- Volunteer: Check out volunteer opportunities to see how you can help Alexandria Archaeology.
Diaries of Julia Wilbur, March 1860 to July 1866. Transcribed by Alexandria Archaeology, 2013-2014, from the originals in the Quaker Collection, Haverford College, PA. Julia Wilbur, a relief worker from Rochester, NY, came to Alexandria during the Civil War. She kept a detailed diary from the 1840s through her death in 1895. Alexandria Archaeology's transcriptions focus on the period right before, during, and after the War.
- Shuters Hill was once again the site of archaeological research and excavations in 2014. This ongoing excavation near the Masonic Memorial is exploring the Mills/Lee/Dulaney plantation, built in 1782. The mansion house burned in 1842, and was replaced by a larger brick house that was used by Union troops during the Civil War.
- Shields's Folly: A Bathhouse in Old Town. A deep feature discovered in a Royal Street basement in 2014 may be from an aborted effort to dig a well for Thomas Shields's bathhouse 200 years earlier. Read more about this new discovery.
- Fort Ward Park History and Archaeology. Excavations in 2013 focused on the 20th century African American community known as The Fort. This community is the focus of an effort by the Office of Historic Alexandria to study and preserve the post-Civil War historic resources of Fort Ward Park. Archaeological excavations in the park, historical research, and oral histories highlight our growing knowledge of this community. Learn about the
Stakeholder Advisory Group
, and about
archaeological and historical research, including reports on excavations, transcriptions of oral history interviews with former residents. Visit Fort Ward Park to see new historic signage highlighting The Fort community. A copy of The Fort Heritage Trail Brochure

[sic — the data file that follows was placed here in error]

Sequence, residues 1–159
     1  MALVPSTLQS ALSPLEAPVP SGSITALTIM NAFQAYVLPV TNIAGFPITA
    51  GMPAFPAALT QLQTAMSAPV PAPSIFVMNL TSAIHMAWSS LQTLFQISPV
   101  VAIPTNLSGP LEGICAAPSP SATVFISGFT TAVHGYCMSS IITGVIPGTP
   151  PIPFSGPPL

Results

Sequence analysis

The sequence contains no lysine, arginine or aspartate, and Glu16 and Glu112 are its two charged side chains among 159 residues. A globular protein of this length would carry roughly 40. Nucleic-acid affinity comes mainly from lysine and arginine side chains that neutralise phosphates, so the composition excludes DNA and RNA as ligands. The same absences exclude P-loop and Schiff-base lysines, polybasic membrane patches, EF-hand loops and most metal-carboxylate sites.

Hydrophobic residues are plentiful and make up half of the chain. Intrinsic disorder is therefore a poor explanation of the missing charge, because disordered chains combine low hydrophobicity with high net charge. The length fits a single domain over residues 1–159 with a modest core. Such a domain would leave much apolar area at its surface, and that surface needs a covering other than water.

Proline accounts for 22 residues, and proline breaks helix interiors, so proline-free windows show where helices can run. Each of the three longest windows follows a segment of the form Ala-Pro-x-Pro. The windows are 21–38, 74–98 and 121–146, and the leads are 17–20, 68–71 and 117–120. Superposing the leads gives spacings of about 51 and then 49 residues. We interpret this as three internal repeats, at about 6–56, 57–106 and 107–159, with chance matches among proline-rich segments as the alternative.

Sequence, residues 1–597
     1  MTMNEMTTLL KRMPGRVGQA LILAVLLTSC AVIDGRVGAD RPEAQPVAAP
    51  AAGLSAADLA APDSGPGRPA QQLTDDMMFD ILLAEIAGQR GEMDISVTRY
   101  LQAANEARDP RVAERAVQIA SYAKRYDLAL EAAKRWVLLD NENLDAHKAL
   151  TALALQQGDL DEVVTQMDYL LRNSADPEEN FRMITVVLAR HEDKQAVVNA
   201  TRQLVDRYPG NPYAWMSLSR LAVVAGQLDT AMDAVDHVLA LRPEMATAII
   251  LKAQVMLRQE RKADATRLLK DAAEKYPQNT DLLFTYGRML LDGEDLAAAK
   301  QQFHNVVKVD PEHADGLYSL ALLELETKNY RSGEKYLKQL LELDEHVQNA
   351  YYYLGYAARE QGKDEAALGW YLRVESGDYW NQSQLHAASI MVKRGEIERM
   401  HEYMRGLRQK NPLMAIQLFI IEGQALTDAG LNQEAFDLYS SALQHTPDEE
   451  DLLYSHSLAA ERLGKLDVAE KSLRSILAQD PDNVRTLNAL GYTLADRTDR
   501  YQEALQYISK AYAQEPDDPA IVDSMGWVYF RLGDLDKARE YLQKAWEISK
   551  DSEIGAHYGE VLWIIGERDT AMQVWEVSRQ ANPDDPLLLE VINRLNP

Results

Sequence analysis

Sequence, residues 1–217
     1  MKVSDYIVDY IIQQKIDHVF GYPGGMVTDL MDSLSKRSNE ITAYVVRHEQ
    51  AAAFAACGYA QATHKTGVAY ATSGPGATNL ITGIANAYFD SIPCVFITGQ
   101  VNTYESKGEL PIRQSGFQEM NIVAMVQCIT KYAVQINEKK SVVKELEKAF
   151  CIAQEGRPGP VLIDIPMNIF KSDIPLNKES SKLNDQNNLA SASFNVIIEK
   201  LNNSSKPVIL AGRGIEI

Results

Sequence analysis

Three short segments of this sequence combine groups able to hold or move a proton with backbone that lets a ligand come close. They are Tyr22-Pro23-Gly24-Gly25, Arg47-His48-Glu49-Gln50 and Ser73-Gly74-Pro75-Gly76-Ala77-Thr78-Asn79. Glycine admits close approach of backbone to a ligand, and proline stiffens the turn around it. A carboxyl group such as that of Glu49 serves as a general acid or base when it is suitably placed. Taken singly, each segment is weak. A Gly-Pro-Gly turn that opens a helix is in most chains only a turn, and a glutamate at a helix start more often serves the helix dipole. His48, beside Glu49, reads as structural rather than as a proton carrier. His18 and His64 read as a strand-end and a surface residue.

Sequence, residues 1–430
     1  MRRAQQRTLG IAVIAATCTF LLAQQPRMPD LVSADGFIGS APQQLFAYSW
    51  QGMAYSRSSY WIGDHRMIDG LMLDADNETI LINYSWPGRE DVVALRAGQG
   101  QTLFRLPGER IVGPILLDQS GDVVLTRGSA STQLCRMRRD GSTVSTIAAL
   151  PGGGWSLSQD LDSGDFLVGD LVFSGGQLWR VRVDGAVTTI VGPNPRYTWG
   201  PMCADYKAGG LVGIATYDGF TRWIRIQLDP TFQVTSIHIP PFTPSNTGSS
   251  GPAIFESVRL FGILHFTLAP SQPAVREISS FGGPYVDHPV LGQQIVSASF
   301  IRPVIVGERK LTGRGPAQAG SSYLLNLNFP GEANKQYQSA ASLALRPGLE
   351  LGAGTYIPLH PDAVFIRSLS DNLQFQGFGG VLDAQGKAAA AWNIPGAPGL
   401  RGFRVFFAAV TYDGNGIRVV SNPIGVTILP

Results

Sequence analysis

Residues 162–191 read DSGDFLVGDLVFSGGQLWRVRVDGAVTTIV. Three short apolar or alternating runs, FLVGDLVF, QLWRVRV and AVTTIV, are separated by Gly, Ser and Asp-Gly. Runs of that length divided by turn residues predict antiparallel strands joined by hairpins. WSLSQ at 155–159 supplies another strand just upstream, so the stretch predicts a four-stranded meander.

is available online.
- Potomac Yard History and Archaeology: Preview the seven historical signs placed at Potomac Yard in 2012 (or visit the site to see the signs in person). Throughout ongoing development of Potomac Yard, the Office of Historic Alexandria has been committed to preserving its history. Learn more about the
Potomac Yard planning and development process, and read a
history of the site by City Archaeologist Francine Bromberg.
Contrabands & Freedmen Cemetery Memorial
The Contrabands and Freedmen Cemetery Memorial was officially opened on September 6, 2014. Learn about the Contrabands and Freedmen Cemetery Memorial history and archaeology of the site, view the extensive news coverage of the commemoration ceremonies, and watch short videos about the Contrabands and Freedmen Cemetery Memorial on Comcast Newsmakers, of interviews with Char McCargo Bah, Audrey Davis and Francine Bromberg.